Indeed from the comfort of our own American isolation such issues more closely resemble an electronic war game, or armchair strategizing. But for people who live in war zones, stakes are overwhelmingly real. At some point almost any peace is better than almost any war. Washington might be willing to fight to the last Syrian, but most Syrians are not willing to do so when most outcomes offer only death and destruction.

But the time for speculation about the regime’s fate is now past: Asad is close to restoring his control over the whole country. Ambivalence on the part of so many Syrians, the fecklessness and divisions of so many of the anti-Asad forces, and above all serious Russian and Iranian assistance to Damascus constituted the final tipping point.

But is Washington willing to accept, however reluctantly, Asad’s restoration of control over his own country? (It’s worth noting that whatever the issues at stake in Syria, Russia and Iran were legally invited by the Syrian government to provide military assistance. The US on the other hand was not invited to intervene in Syria, and on legal grounds is fighting in Syria “illegally.” Indeed, Washington’s goal all along has been to notch up one more “regime change by force” in the region that has included Afghanistan, Iraq, Libya, Yemen, and perhaps Somalia, among other conflicts.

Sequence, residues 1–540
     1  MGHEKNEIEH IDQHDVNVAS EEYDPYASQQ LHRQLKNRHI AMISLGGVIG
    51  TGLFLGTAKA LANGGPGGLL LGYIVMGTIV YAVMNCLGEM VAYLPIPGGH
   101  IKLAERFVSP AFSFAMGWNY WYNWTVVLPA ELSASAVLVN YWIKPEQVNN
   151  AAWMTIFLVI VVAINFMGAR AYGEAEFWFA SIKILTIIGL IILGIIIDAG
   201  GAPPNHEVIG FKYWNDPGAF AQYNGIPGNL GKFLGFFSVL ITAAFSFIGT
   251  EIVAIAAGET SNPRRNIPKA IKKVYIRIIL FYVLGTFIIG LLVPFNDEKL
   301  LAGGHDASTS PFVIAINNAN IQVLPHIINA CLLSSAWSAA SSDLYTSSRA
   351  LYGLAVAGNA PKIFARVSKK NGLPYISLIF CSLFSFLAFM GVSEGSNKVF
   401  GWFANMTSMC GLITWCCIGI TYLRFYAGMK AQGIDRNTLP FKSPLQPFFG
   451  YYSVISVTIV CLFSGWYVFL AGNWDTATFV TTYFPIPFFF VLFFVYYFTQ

So is it justifiable, even ethical, to fight till the last Syrian? Or should the US reluctantly accept the desperately needed end to the war, and to allow restoration of public security, food, medicine, and a chance for the devastated country to rebuild itself?  From a humanitarian perspective the choice would seem clear.

Which opens the second question: what then is in fact the US fighting for? Washington has sought to isolate or overthrow the Asad regime, father and son, for over forty years; it perceived them as representing staunch (secular) anti-colonial Arab nationalism, resistance to US goals, and a refusal to bow to Israel’s ever expanding borders and oppression of the Palestinians. The world has learned that any state that does not accept the US-designed order in the Middle East by definition becomes a “rogue regime”—hence losing any sovereign rights on the international scene. And Washington’s policies have all along been heavily driven by Israel’s own regional agenda. It’s a bitter pill then: acceptance of Asad’s remaining in power until the international order can eventually craft some new political process that offers more representative government there.

But US policy, for all its talk of human rights and welfare, has no interest in an end to the war on anything except its own terms. It ceases to be about Syria at all any more. Syria is fated to remain the arena for grander US strategic interests: the checking of Russian and Iranian influence in the Middle East. The Syrians themselves will pay the price—but they do not matter.